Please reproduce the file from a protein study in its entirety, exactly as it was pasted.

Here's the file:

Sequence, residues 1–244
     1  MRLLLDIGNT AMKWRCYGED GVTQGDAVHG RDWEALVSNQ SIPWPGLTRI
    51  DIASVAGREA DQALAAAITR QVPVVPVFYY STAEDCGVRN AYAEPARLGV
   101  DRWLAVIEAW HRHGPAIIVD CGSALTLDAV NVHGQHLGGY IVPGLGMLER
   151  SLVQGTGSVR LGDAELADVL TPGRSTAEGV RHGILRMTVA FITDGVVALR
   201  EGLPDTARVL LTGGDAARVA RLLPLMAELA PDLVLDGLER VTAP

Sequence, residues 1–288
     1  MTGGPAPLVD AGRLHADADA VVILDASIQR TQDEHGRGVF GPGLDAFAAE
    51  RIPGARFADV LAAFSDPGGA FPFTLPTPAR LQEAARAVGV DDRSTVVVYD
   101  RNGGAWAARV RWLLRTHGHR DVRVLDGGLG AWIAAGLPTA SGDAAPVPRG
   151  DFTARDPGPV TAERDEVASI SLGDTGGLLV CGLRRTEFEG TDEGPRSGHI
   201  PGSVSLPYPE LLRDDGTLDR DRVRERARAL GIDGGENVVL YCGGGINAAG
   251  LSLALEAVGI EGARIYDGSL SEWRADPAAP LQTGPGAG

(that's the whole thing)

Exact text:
Sequence, residues 1–244
     1  MRLLLDIGNT AMKWRCYGED GVTQGDAVHG RDWEALVSNQ SIPWPGLTRI
    51  DIASVAGREA DQALAAAITR QVPVVPVFYY STAEDCGVRN AYAEPARLGV
   101  DRWLAVIEAW HRHGPAIIVD CGSALTLDAV NVHGQHLGGY IVPGLGMLER
   151  SLVQGTGSVR LGDAELADVL TPGRSTAEGV RHGILRMTVA FITDGVVALR
   201  EGLPDTARVL LTGGDAARVA RLLPLMAELA PDLVLDGLER VTAP

Sequence, residues 1–288
     1  MTGGPAPLVD AGRLHADADA VVILDASIQR TQDEHGRGVF GPGLDAFAAE
    51  RIPGARFADV LAAFSDPGGA FPFTLPTPAR LQEAARAVGV DDRSTVVVYD
   101  RNGGAWAARV RWLLRTHGHR DVRVLDGGLG AWIAAGLPTA SGDAAPVPRG
   151  DFTARDPGPV TAERDEVASI SLGDTGGLLV CGLRRTEFEG TDEGPRSGHI
   201  PGSVSLPYPE LLRDDGTLDR DRVRERARAL GIDGGENVVL YCGGGINAAG
   251  LSLALEAVGI EGARIYDGSL SEWRADPAAP LQTGPGAG